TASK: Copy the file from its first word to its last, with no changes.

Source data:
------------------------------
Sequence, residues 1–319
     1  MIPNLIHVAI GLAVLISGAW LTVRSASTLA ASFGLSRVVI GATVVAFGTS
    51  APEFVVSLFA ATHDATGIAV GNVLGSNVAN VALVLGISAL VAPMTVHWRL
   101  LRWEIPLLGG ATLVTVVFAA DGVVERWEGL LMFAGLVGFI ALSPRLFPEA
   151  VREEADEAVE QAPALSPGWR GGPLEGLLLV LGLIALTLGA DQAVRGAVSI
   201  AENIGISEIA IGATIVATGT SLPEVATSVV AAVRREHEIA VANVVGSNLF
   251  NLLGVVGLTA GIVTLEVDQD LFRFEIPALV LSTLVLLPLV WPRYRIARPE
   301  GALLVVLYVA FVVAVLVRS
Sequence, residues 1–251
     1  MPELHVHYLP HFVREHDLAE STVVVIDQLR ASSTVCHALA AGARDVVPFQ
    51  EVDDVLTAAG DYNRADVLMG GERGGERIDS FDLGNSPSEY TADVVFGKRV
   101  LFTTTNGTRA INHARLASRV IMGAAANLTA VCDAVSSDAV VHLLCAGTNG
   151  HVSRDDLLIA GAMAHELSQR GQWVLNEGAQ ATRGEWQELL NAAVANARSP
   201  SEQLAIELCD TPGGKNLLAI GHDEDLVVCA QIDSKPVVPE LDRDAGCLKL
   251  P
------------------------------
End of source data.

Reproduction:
Sequence, residues 1–319
     1  MIPNLIHVAI GLAVLISGAW LTVRSASTLA ASFGLSRVVI GATVVAFGTS
    51  APEFVVSLFA ATHDATGIAV GNVLGSNVAN VALVLGISAL VAPMTVHWRL
   101  LRWEIPLLGG ATLVTVVFAA DGVVERWEGL LMFAGLVGFI ALSPRLFPEA
   151  VREEADEAVE QAPALSPGWR GGPLEGLLLV LGLIALTLGA DQAVRGAVSI
   201  AENIGISEIA IGATIVATGT SLPEVATSVV AAVRREHEIA VANVVGSNLF
   251  NLLGVVGLTA GIVTLEVDQD LFRFEIPALV LSTLVLLPLV WPRYRIARPE
   301  GALLVVLYVA FVVAVLVRS
Sequence, residues 1–251
     1  MPELHVHYLP HFVREHDLAE STVVVIDQLR ASSTVCHALA AGARDVVPFQ
    51  EVDDVLTAAG DYNRADVLMG GERGGERIDS FDLGNSPSEY TADVVFGKRV
   101  LFTTTNGTRA INHARLASRV IMGAAANLTA VCDAVSSDAV VHLLCAGTNG
   151  HVSRDDLLIA GAMAHELSQR GQWVLNEGAQ ATRGEWQELL NAAVANARSP
   201  SEQLAIELCD TPGGKNLLAI GHDEDLVVCA QIDSKPVVPE LDRDAGCLKL
   251  P